It’s a funny old week, this.
You see, there’s a seven day gap between being able to enrol as an applicant with FPAS and being able to see or otherwise interact with the application form.
This was for the best, really, as we had had access to the website for less than two hours before the first of what I fully expect to be many bureaucratic snafus came to light — there was a technical problem in the Foundation Programme office that led to a considerable number of applicants being unable to enrol until Wednesday evening and a handful who still hadn’t been able to do so by early Friday. Incidentally, if at any point I appear cynical about their expected level of competence, it’s because this is the updated version of the system that five years ago accidentally deactivated the security settings on the application website.
But I digress.
I did get enrolled on Monday morning and I didn’t have to spend the better part of my week refreshing Firefox. So, what was I supposed to do this week? I could have tried not to think about it, but it’s been demonstrated over and over again that there is little point in trying not to think about a pink elephant.
Well, I did a few useful things. I spent a good chunk of one night looking for the degree certificate from my last degree, which I haven’t needed since I came for my interview here and which had in the intervening years hidden itself at the bottom of a drawer. I refused to spend an evening singing Christmas carols at Dobbies Garden Centre, as much because my own sanity cannot cope with carolling in October as because I’d prefer not to take on any additional commitments for next week until I’ve seen what sort of questions I’ll need to invent answers to. The really useful thing I could have done, but haven’t, would have been to finalise my list of foundation schools: I’ve decided on my second and third choices (except that they keep swapping places) and I’ve decided on those areas that I’d really rather not go to (with apologies to my assorted relatives), but that still leaves me with a lot of decisions to make about the middle of the list.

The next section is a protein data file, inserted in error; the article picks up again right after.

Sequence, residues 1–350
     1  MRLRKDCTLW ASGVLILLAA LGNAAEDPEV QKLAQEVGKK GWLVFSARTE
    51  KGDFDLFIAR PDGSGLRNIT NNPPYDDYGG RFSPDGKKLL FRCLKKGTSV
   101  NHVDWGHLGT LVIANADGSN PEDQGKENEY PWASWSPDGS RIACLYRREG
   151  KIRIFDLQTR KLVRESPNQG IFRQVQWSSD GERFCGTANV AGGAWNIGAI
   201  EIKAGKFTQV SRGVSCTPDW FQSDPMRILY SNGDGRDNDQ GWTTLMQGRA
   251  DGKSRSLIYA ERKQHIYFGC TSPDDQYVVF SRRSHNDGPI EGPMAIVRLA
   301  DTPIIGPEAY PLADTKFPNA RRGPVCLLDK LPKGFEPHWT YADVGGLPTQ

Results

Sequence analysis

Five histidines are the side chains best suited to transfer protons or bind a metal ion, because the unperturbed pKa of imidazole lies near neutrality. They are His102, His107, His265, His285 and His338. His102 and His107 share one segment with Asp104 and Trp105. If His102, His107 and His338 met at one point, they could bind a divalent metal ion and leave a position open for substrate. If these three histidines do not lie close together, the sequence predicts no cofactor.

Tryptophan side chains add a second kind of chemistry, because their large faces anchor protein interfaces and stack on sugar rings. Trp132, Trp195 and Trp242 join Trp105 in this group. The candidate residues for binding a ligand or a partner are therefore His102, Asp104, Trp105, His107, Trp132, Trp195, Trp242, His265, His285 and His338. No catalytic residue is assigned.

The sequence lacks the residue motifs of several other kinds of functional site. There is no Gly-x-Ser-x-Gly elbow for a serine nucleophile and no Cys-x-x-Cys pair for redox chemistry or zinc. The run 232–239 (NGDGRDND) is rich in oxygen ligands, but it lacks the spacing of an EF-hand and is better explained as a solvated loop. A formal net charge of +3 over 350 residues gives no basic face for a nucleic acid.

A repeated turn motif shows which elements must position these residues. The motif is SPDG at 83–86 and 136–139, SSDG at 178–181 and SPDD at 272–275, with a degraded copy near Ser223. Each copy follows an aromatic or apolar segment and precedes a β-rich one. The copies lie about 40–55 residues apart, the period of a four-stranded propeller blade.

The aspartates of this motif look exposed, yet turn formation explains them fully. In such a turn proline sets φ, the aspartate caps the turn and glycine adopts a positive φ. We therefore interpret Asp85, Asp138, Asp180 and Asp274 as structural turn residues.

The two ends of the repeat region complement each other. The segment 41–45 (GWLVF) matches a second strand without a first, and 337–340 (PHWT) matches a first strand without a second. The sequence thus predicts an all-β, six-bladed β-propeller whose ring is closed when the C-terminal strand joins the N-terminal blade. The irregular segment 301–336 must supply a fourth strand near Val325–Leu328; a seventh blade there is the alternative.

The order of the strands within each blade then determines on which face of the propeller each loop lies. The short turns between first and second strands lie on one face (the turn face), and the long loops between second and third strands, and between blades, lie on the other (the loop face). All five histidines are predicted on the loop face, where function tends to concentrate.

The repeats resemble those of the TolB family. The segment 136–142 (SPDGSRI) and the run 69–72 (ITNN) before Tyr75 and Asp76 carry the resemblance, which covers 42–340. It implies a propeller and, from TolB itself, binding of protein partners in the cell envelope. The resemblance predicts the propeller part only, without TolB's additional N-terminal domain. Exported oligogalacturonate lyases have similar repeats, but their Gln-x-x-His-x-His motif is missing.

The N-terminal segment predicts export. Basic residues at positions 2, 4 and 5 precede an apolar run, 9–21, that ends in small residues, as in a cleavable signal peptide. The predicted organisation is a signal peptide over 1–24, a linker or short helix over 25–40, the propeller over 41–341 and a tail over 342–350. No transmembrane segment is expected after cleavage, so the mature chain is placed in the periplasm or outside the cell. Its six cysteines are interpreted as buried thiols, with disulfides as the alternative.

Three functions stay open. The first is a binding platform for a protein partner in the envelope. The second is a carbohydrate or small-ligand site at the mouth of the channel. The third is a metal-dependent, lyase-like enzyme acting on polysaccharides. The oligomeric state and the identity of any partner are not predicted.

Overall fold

The rest of the time has been pointless speculation about what our questions could be and several hours trying to recall the details of half-remembered incidents that may or may not be good examples of things that we may or may not be asked about.
I’m not the only one thinking about the elephant, though. In the conversations I’ve had with friends and colleagues, I’ve learned that our minds are mostly on one thing. Internet searches for FPAS related advice are being done up and down the country. Since Monday, the search terms that have resulted in people being sent to this site have included: “FPAS”, “FPAS person specification”, “FPAS answers”, “applying to FPAS tips”, and “FPAS South Thames Deanery 2012”. If I’ve gone a bit mad this week, then at least I’m in good company.